Research at the University of Central England promises to revolutionise the way nursing is taught in universities.
Staff at the university's Centre for Excellence in Teaching and Learning (Cetl) - the Centre for Stakeholder Learning Partnerships, which was launched a week ago - will look into new ways of teaching student nurses through "mobile learning".
A large part of the work will be to explore mobile learning methods, where students can learn on the move or access information through handheld devices on the hospital ward and apply their knowledge straight away.
Nigel Wynne, learning and teaching task group fellow at UCE, said the centre would employ handheld personal computers, laptops, mobiles and simulation techniques to develop students' skills. For instance, they could download revision notes and work on them on a bus. The idea is to create bespoke learning for students.
He said:"We will evaluate how students use and learn and are assessed. If you are in prac-tice, your role is to look after patients.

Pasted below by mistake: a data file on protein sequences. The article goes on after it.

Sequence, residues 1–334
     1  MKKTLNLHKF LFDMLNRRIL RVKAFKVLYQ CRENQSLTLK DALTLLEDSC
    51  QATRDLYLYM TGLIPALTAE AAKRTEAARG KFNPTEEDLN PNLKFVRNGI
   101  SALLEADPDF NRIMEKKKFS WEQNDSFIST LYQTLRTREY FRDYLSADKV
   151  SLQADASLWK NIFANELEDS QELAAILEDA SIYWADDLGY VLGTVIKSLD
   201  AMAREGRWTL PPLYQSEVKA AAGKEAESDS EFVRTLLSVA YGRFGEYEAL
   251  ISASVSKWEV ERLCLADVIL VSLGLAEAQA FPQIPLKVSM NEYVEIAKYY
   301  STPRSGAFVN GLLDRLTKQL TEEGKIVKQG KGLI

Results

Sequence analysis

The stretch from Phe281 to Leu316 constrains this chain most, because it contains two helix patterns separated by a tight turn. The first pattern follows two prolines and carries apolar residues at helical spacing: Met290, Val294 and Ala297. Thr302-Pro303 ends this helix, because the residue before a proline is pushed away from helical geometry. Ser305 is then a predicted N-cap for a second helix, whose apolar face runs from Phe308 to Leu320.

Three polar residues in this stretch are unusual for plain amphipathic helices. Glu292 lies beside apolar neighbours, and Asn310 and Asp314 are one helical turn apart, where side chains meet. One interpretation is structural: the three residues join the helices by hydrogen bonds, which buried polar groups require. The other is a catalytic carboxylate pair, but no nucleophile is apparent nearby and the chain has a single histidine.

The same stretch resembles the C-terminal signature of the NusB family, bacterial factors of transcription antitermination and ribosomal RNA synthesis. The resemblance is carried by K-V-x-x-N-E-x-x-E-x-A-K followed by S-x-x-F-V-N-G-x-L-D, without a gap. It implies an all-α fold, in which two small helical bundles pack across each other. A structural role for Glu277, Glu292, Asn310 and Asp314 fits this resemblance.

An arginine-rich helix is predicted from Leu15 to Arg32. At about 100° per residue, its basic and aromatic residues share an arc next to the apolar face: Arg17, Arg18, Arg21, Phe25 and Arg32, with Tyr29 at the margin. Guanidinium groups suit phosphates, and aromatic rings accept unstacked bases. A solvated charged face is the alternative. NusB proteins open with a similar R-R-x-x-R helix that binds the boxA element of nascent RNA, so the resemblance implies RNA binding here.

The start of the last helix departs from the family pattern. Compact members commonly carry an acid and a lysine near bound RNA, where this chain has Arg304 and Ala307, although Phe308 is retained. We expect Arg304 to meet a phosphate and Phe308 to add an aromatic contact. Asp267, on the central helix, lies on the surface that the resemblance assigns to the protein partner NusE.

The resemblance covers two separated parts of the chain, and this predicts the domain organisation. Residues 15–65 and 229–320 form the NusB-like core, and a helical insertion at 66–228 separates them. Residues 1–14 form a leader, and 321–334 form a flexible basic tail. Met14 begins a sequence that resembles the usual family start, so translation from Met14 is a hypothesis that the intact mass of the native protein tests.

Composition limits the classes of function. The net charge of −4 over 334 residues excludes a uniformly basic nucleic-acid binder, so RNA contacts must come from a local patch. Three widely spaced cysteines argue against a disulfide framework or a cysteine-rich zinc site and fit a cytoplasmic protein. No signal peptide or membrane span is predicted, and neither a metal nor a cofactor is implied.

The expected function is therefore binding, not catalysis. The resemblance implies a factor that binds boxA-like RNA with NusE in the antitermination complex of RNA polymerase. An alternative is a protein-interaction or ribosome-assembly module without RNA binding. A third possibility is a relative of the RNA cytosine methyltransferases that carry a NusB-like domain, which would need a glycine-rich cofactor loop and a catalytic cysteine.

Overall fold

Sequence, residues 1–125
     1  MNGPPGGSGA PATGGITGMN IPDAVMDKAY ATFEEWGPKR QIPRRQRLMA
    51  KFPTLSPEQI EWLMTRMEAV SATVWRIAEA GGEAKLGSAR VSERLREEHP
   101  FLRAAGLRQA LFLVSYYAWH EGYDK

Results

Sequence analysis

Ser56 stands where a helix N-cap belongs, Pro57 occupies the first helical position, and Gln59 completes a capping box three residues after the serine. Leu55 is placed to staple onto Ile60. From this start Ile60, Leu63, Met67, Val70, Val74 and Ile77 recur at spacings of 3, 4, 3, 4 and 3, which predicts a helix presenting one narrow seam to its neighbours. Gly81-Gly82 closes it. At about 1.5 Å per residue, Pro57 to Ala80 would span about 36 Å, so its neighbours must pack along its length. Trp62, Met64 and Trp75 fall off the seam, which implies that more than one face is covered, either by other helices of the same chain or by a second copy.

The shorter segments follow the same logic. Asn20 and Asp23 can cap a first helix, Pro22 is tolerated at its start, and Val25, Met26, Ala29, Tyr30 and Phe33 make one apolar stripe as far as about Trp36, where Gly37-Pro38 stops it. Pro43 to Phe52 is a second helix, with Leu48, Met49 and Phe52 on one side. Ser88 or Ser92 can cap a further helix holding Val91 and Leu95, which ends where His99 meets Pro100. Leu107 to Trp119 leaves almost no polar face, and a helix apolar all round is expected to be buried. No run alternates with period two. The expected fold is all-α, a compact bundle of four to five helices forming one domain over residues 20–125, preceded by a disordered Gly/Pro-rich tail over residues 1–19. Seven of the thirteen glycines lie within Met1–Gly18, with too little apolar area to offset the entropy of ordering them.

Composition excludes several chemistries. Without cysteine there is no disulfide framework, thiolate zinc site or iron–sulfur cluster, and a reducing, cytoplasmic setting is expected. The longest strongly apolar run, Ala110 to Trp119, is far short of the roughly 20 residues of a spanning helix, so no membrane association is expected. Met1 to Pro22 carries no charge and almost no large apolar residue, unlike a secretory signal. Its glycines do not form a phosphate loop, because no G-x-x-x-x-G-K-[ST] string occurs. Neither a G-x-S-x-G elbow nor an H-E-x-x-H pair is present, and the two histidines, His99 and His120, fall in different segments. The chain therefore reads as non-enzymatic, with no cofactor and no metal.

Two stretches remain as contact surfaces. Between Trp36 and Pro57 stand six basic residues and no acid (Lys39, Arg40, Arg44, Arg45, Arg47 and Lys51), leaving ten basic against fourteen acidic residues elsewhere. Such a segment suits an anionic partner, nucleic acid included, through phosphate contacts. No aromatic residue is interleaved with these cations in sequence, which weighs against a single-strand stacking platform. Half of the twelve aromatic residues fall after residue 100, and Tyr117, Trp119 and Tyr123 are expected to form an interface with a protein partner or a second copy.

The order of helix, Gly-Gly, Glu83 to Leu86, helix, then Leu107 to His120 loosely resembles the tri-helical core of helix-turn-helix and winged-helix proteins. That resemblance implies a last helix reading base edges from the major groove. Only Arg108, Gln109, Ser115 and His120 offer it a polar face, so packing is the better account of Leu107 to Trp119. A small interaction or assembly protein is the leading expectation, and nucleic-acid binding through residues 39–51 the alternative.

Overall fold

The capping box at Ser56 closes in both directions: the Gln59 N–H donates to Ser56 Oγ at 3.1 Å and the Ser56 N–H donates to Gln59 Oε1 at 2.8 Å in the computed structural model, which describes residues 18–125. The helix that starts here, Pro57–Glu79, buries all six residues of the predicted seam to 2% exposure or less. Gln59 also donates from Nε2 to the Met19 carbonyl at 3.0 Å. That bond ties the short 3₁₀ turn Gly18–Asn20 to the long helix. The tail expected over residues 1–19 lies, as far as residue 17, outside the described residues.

"With this, students can assess where they are and what they need to learn and then can come back to the assessor and tell them what they need to learn."
With a shortage of opportunities for all nursing students to put into practice what they have learnt, the centre will also produce simulation programmes where students can practise injecting, for example, in a safe virtual environment.
An international collaboration with a Dutch hospital will see the creation of a virtual ward where students can access medical information and assess patients and interpret data.
For the first time in nursing, the centre will also get patients and practitioners to help teach the students.
As the new methods are evaluated, they can be applied to a variety of vocational courses.